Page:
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Ben Tate To Cleveland?

Ben Tate headed to Cleveland? Arian Foster needs to be more the Texans worry

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Arian Foster Texans Titans run
Arian Foster needs to zoom back into the forefront of the Houston Texans offense. Photo by Michelle Watson/CultureMapSnap
Ben Tate Saints Texans tackle
Cleveland lusts after Ben Tate? That's not the Houston Texans' main concern. Photo by Michelle Watson/CultureMapSnap
Andre Johnson Texans Titans
Andre Johnson is dominant, but he can't become the sole focus. Photo by Michelle Watson/CultureMapSnap
DeAndre Hopkins Joseph Texans
DeAndre Hopkins needs to feed the football as well. No matter who is in the game. Photo by Michelle Watson/CultureMapSnap
Arian Foster Texans Titans run
Ben Tate Saints Texans tackle
Andre Johnson Texans Titans
DeAndre Hopkins Joseph Texans
News_Chris Baldwin_managing editor_arms crossed

Arian Foster was on his way to having one of his typical big games against the Baltimore Ravens. And then, he wasn't.

Foster looked like vintage Foster (which isn't exactly a dated, ancient thing) as the Texans marched up and down the field on the defending Super Bowl champs in the first quarter. He stood on pace for 172 yards after 15 minutes.

Unsustainable? Perhaps. But when DeMarco Murray can rip off 175 yards for the Dallas Cowboys anything is possible.

At the least, with that kind of start you expect one of the best running backs in football to finish a lot closer to that type of giant number than 54. That's how many yards the Texans offensive lifeline ended up with at the end of the Baltimore Ravens' commanding 30-9 victory.

 Foster only received 12 carries against the Ravens — four after the first quarter. Four. 

ESPN's Adam Schefter reports that the Trent Richardson-trading Browns are already focusing on signing Texans backup tailback and free agent to be Ben Tate in the offseason. That's more good for Tate than alarming, who'd be wise to use this season to accept the media attention that will come with him being someone's No. 1.

The Texans' concern isn't Tate, who knows he needs to be a good solider and make the most of his carries for at least 13 more games to get that big payday.

What everyone involved in Houston's organization should be fretting over is the fact that Gary Kubiak and Matt Schaub still don't seem to be quite sure how to best use one of the most lethal offensive weapons in the NFL.

"We did not play well," Foster said in Baltimore. "We did not play well at all. I felt like we ran the ball OK, but we didn't put ourselves in situations where we could run it."

Foster always brings it against the better, more physical teams. Give No. 23 his carries and he'll get the yards. He only received 12 of them against the Ravens — four after the first quarter. Four.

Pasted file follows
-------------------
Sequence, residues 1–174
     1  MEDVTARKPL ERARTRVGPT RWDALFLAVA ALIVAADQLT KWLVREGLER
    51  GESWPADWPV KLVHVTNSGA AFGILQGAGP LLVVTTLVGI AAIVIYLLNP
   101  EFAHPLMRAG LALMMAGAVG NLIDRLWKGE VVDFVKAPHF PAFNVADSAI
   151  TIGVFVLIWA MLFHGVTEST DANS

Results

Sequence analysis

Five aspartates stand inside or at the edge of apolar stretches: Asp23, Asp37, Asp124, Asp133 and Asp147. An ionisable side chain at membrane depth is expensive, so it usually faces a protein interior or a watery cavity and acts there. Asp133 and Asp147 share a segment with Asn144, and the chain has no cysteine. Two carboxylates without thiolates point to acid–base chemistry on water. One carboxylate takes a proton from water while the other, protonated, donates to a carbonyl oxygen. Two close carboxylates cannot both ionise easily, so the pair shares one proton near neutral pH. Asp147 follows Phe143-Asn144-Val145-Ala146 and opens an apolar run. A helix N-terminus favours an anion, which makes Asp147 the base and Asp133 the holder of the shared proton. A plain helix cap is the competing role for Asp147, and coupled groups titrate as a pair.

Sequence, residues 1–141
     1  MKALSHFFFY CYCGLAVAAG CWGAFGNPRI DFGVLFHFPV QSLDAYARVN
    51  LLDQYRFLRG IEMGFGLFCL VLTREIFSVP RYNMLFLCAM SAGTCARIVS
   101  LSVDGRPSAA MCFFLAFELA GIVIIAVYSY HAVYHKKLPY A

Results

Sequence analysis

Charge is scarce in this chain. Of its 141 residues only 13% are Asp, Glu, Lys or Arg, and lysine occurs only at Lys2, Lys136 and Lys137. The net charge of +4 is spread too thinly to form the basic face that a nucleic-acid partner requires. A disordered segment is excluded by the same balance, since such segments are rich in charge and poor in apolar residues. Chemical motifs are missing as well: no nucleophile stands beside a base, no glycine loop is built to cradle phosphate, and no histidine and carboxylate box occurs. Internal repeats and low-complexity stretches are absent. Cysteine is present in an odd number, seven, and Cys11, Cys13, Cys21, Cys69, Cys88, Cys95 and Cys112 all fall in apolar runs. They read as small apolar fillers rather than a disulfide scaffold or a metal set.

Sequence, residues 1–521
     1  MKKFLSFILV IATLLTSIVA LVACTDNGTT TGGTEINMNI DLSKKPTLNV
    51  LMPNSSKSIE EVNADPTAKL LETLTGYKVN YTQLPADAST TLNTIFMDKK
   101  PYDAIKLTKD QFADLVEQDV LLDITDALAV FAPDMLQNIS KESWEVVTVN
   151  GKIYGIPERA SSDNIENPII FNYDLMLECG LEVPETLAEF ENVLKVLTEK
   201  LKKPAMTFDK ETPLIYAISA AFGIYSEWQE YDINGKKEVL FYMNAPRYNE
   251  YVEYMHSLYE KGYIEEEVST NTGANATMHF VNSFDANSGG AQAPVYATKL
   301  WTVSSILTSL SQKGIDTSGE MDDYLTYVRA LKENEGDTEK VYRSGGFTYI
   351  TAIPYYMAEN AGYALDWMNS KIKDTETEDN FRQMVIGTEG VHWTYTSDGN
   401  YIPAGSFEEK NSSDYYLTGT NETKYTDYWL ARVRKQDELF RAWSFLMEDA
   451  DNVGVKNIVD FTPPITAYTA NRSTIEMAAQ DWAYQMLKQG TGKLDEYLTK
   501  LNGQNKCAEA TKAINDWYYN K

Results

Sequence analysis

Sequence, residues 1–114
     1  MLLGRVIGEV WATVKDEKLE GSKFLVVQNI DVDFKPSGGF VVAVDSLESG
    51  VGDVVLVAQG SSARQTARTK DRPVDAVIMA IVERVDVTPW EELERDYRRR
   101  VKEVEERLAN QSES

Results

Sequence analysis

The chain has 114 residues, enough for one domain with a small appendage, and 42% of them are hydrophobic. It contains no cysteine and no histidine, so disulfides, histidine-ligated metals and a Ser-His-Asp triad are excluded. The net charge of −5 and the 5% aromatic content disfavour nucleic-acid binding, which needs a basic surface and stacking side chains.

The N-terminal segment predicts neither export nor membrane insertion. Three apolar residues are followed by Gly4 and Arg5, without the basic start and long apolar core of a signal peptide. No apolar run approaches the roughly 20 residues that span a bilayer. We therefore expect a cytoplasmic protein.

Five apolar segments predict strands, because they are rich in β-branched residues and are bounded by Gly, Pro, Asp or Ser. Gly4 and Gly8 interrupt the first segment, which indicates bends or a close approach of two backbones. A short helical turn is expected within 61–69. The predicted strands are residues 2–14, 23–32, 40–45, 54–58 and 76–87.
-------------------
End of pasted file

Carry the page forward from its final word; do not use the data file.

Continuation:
Please don't note how the Ravens went up 24-9 after the first possession of the third quarter. That's a two-score game with enough time left in it to hold an Emmy telecast.

The truth is Kubiak and Schaub have both become much too Andre Johnson dependent. Notice how DeAndre Hopkins (four of his six catches after halftime) and Keshawn Martin (both of his after intermission) didn't start getting the ball thrown to them until No. 80 left the game, removing an increasingly double-edged security blanket.

No one's suggesting the Texans stop trying to get the ball to Andre Johnson. But even the Detroit Lions of Matthew Stafford are starting to learn not to force feed Calvin Johnson every play.

Andre Johnson is the greatest Texan of all time — and he's earned plenty of chances. How dominant he remains at age 32 is one of the great feats in the modern NFL.

But he can't be the only focus. Sometimes you need to force feed Arian Foster the football too.

Hurry Up, Offense

Kubiak noted how two missed third-down plays in Baltimore — plays that could have made a 6-0 lead much more — went for Andre Johnson.

This came when Foster was running well, making the Ravens defenders think they had another tough day in front of them.

Whether it's by picking up the pace — something that paid huge dividends for the Texans in Weeks 1 and 2 — or changing the calls, Foster needs to be given more chances.

"We were slow in and out of the huddle," Kubiak said of the Duane Brown-less offense. "That kind of bothered us.

"We struggled getting some calls in and the communications system went down for a period of time. We’ve got to work through that. But just the tempo in what we’re doing."

 Even the Detroit Lions of Matthew Stafford are starting to learn not to force feed Calvin Johnson every play. 

With the 3-0 Seattle Seahawks and what's looking more and more like the most fearsome defense in the NFL coming into Reliant Stadium Sunday, not to mention a trip to face a fighting-mad San Francisco team in a national TV showcase the following week, the urgency certainly should be there for Kubiak's offense.

If things go wrong, the Texans could have virtually played themselves out of the running for the No. 1 seed in the AFC by Week 6.

Foster can help run them back into this thing. If he's given half a chance.

He got a quarter of one in Baltimore. Keeping Foster fresh for the end of the regular season and the playoffs is an intelligent, long-range goal (even if all those carries never seemed to bother him the last two postseasons).

But this is getting ridiculous.

Ben Tate could be Cleveland bound by March. But that's still not the Texans' real running back issue.

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